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Am J Med. 2004 Mar 22;116 Suppl 6A:9S-16S.

Inflammation and atherosclerosis: role of C-reactive protein in risk assessment.

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  • 1Brigham and Women's Hospital, Boston, Massachusetts 02115, USA.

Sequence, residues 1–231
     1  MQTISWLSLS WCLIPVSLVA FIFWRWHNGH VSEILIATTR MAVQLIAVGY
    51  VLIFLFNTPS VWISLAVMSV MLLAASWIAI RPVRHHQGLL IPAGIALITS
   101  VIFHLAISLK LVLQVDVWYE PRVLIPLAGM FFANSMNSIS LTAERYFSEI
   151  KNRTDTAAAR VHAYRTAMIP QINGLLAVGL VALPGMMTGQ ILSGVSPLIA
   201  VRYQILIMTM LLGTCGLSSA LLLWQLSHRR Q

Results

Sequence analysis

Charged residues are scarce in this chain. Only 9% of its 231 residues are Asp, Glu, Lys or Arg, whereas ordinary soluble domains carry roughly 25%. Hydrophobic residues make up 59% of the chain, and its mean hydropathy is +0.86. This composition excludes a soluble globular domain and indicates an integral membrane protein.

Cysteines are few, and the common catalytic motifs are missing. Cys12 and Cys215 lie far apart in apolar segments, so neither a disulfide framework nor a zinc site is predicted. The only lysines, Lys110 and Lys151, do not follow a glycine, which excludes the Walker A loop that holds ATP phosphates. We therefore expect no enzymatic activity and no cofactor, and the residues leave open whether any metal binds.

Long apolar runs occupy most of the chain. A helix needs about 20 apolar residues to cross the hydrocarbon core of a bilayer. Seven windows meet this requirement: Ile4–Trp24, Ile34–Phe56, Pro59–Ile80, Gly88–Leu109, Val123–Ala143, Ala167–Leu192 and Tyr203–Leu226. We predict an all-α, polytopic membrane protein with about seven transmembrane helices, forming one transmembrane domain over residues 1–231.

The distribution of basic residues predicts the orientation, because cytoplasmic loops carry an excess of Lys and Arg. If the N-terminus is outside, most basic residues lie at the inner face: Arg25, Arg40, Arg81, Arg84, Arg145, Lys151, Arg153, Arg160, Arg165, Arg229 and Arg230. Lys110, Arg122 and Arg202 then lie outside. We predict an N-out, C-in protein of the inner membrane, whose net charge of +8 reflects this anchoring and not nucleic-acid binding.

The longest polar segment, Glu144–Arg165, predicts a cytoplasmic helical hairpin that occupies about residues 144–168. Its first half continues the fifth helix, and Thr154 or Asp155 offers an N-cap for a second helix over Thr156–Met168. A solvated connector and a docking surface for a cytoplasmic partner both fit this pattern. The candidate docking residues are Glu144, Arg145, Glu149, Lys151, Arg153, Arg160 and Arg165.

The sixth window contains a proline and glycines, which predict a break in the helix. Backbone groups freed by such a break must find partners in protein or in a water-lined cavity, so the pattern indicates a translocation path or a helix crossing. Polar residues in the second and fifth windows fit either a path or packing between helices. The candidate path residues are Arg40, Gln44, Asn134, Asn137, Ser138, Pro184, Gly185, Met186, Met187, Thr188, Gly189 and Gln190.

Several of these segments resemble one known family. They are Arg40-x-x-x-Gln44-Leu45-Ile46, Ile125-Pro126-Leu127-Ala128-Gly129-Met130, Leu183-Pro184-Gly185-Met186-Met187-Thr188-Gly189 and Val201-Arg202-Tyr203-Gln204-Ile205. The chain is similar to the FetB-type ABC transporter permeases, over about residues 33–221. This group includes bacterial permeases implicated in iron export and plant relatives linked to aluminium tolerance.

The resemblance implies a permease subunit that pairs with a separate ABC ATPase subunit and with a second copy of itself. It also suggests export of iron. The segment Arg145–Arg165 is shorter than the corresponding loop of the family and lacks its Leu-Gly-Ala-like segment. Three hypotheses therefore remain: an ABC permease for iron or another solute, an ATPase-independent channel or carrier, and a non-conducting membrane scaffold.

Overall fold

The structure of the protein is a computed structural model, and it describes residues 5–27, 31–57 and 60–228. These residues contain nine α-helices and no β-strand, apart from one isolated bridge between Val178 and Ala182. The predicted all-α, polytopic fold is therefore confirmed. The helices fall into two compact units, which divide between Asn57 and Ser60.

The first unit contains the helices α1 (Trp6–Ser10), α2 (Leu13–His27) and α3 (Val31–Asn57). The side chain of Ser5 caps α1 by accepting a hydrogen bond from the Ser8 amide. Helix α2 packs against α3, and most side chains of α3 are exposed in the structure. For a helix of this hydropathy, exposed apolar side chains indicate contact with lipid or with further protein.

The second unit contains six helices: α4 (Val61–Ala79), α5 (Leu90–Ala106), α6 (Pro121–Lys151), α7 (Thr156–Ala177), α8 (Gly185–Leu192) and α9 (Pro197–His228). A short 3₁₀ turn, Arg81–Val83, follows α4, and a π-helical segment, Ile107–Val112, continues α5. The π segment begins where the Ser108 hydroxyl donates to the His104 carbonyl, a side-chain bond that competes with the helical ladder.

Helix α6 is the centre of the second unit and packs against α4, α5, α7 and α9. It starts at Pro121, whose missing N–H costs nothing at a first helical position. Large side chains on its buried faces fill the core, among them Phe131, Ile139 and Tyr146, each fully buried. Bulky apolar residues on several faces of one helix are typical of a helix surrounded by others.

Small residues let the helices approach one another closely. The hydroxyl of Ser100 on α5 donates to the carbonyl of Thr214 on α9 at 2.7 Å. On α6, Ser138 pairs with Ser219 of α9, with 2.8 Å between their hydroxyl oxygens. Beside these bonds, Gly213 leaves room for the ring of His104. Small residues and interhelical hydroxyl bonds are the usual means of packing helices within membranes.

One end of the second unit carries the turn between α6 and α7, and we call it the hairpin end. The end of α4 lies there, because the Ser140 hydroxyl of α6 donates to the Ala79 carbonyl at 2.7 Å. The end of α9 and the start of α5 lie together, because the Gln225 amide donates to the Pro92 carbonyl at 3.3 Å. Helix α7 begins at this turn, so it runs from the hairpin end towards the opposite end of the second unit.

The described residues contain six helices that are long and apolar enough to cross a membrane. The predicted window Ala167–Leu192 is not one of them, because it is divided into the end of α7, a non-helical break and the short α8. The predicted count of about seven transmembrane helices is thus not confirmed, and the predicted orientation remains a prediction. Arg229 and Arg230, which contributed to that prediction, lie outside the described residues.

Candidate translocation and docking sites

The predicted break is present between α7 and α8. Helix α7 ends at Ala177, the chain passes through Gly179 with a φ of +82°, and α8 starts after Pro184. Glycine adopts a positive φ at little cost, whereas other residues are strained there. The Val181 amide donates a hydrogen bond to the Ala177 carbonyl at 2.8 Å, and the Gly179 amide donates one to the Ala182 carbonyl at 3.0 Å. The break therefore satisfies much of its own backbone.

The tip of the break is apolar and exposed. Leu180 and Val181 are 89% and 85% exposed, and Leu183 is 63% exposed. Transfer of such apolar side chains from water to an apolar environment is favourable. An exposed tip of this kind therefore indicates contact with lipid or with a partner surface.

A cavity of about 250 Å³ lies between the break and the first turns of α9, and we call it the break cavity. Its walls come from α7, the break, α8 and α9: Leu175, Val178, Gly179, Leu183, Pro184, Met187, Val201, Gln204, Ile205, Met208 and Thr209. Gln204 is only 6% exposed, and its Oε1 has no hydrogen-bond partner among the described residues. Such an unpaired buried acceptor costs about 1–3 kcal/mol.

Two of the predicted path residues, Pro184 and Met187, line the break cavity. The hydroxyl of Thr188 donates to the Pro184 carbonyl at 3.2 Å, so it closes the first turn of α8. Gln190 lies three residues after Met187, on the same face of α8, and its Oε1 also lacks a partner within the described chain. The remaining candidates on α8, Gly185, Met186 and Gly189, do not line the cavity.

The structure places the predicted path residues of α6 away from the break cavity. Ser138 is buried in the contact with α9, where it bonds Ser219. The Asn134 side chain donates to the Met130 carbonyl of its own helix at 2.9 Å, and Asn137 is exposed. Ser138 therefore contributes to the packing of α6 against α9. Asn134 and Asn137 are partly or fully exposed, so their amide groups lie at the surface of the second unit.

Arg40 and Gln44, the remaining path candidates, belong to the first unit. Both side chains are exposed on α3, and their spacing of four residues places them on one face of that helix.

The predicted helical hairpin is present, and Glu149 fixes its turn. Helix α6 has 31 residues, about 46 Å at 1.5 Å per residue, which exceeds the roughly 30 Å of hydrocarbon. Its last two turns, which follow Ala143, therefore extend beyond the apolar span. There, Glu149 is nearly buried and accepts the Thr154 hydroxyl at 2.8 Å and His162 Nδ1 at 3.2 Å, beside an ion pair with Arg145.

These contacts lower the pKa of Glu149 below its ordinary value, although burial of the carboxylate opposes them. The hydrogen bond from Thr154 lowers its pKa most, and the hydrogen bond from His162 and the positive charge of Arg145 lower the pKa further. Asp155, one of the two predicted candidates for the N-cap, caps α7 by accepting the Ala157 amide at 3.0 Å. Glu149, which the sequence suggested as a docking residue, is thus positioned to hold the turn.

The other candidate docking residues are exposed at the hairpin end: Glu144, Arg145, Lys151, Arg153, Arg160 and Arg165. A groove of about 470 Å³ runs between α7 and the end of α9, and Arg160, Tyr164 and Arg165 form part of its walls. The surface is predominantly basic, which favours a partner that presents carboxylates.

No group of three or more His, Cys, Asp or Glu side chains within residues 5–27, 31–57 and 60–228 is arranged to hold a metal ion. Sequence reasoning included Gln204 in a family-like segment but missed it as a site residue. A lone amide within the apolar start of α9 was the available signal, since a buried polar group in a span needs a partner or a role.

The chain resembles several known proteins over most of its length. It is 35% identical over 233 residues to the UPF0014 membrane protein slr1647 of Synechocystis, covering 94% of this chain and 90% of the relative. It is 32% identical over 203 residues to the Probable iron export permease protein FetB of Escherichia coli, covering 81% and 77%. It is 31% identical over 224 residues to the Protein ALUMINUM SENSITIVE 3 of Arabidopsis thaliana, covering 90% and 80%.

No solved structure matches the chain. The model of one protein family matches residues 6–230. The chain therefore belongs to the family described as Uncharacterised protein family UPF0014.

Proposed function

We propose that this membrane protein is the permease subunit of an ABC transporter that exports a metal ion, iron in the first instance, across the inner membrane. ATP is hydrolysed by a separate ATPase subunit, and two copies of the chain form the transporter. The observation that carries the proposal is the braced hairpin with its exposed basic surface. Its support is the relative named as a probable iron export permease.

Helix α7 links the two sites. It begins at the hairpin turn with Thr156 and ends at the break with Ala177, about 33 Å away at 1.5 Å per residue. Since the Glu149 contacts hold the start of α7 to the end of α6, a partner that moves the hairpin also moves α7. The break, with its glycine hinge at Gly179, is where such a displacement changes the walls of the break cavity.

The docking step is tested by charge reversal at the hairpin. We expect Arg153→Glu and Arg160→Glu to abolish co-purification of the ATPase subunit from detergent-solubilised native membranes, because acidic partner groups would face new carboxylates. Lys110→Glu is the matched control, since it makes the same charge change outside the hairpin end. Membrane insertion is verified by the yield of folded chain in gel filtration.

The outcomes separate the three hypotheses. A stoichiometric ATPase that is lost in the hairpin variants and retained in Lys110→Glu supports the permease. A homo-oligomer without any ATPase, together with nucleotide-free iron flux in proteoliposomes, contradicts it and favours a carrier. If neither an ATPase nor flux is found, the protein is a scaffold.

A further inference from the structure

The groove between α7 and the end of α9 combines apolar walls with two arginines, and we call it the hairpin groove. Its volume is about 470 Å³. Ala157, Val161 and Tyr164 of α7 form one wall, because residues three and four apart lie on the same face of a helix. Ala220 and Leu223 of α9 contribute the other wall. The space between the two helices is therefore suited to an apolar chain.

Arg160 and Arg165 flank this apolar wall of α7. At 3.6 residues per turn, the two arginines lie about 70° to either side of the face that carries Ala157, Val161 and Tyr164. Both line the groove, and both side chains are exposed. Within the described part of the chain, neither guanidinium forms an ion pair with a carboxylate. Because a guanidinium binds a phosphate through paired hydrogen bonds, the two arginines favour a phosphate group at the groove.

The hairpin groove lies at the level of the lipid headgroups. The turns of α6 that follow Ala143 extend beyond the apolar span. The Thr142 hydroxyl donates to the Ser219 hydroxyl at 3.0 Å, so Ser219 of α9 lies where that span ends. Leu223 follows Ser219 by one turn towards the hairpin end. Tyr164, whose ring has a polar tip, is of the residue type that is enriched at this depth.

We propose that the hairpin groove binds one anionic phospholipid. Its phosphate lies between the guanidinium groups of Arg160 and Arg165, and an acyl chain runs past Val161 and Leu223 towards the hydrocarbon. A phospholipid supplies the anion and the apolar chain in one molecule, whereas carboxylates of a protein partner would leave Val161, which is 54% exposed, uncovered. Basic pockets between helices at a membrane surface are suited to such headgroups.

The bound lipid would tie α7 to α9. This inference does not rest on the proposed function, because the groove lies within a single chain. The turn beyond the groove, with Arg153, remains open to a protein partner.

Inflammation participates critically in atherosclerosis. Circulating levels of several inflammatory markers rise in individuals at risk for atherosclerotic events. In particular, elevation of plasma C-reactive protein (CRP), a nonspecific acute-phase reactant that is easily and reliably measured, has strong predictive power for cardiovascular events. Indeed, measurements of high-sensitivity CRP (hs-CRP) plasma levels add to both the prognostic information gleaned from assay of plasma lipid risk factors and the risk levels estimated by means of Framingham study-based criteria. Retrospective data suggest the hypothesis that hs-CRP plasma levels may be useful for guiding use of lipid-lowering therapy in individuals who appear to be at low risk according to traditional risk assessment. A large-scale, randomized clinical trial-Justification for the Use of Statins in Primary Prevention: an Intervention Trial Evaluating Rosuvastatin (JUPITER)-will test whether rosuvastatin therapy will reduce incident cardiovascular disease in subjects with elevated plasma hs-CRP concentrations who do not meet current criteria for initiation of lipid-lowering drug therapy. Such clinical trial data may provide an evidence base for the use of plasma CRP assay as an adjuvant guide to therapy to complement the established traditional risk factors such as plasma lipid levels. Thus, medical practitioners are ushering in an era in which the biology of inflammation in atherosclerosis will find its way into clinical application.

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